Editing laid bare?
More food for thought - three of my favourite posts this past week

Filtered, focused attention

Food for thought from JP Rangaswami. Commenting on this sentiment:

Don’t worry if you’re too busy in the morning to catch the segment. Someone will upload the Sierra/Locke summit segment to YouTube within an hour of its initial broadcast, and the analyses should appear online shortly afterwards

Rangaswami writes:

For a while now we have had news events being made available on YouTube, in effect time-shifting news on to the Web. In itself this is nothing new. What feels new to me is the expectation that something will be made available on YouTube or its equivalent... like in:

I won’t buy a book until I can Look Inside it. I won’t record something that I expect will appear on YouTube or its equivalent, but I will plan to watch it on YouTube. I won’t buy an album until I have listened to sample tracks via the web, be it iTunes or an equivalent. I won’t meet someone for the first time unless I have Googled them, maybe even Linked them In.

Read the full post here.


I read his full post, but I'm convinced there's a few/many distinction at play here he's missing. There are a few people that will always want to know ahead of time and search out the relevant information, or who would be interested in something enough to make time to catch it later. Technology makes their lives easier in terms of finding that info or seeing what they want to see.

The question is the many. Technology empowers impulse buyers, certainly - anyone can rack up a huge bill on Amazon in seconds and not use a thing they bought. And technology certainly makes them able to look into things and see what they're about before they buy, but the question is: Are we beyond hype, when information is easier and easier to get?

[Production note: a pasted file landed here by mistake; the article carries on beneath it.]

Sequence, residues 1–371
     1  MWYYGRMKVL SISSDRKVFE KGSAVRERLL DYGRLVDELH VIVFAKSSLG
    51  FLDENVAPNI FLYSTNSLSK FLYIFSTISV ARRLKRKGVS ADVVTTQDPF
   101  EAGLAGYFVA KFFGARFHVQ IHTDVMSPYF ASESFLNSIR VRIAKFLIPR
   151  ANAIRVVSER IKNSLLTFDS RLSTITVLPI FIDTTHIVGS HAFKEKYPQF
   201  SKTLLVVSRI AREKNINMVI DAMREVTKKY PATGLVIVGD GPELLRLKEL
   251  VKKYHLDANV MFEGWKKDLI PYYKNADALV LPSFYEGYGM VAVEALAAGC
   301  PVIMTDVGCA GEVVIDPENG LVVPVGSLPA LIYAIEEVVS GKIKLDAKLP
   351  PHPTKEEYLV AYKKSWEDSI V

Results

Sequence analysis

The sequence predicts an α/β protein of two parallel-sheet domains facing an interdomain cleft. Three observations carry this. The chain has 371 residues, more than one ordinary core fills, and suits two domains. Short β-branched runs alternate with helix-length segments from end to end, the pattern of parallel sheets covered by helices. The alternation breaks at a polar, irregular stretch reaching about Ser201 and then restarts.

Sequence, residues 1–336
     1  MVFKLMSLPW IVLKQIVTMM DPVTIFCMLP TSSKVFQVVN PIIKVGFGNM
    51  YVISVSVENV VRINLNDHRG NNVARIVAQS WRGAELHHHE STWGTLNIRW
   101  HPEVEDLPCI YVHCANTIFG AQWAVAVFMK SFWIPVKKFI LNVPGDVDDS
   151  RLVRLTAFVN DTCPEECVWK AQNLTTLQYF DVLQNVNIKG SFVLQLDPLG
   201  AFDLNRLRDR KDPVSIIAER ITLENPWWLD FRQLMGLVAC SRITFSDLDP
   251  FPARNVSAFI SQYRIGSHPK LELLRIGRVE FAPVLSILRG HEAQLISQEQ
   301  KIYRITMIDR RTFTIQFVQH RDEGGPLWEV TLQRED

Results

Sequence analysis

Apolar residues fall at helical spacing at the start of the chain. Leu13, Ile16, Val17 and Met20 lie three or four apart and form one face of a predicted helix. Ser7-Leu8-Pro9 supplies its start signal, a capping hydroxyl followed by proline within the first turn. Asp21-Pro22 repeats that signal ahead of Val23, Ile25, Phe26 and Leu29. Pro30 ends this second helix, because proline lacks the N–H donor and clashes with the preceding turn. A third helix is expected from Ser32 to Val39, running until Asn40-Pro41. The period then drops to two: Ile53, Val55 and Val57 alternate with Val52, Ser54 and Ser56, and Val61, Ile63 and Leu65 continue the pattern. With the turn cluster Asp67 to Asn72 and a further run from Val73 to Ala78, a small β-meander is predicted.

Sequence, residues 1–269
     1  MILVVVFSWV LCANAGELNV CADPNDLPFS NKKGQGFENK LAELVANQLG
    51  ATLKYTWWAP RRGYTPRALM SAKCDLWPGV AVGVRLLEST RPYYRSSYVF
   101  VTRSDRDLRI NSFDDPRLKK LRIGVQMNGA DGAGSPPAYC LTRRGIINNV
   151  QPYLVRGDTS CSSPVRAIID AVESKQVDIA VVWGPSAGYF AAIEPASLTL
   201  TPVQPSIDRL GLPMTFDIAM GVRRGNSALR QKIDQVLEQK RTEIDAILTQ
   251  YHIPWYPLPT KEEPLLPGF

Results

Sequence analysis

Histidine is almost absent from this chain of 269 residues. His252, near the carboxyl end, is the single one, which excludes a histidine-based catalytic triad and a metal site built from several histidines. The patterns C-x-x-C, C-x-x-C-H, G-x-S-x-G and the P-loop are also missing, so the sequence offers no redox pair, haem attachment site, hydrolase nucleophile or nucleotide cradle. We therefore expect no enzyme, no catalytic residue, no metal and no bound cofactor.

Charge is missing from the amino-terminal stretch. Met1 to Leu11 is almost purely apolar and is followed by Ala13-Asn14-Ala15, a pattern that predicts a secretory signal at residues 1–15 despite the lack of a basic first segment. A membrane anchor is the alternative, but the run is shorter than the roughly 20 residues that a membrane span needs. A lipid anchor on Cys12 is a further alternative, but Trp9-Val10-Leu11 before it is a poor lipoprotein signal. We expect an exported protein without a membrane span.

Yeah right. The uniqueness of the phenomenon is purely located in those few of us who know and care. Among us, we might have prized the value of surprise. Now we need to feel like we need to know beforehand. This is not a new phenomenon, it's part of something that's happening that isn't technological - I think one reason why a lot of people are angry at Bush is because they'd be angry anyone is in charge. We have so much control over our private lives, how dare there be a public sphere where we may be governed, and concerns that are long-term which we cannot immediately see!

Just a thought.

(I get the feeling someone is going to argue passionately and well against that rant of mine above, and it might be me, ironically enough).

What I think is interesting here is the mentality shift: how technology changes both our expectations to the world and how we gain knowledge from it, process it - our epistemology if you like...

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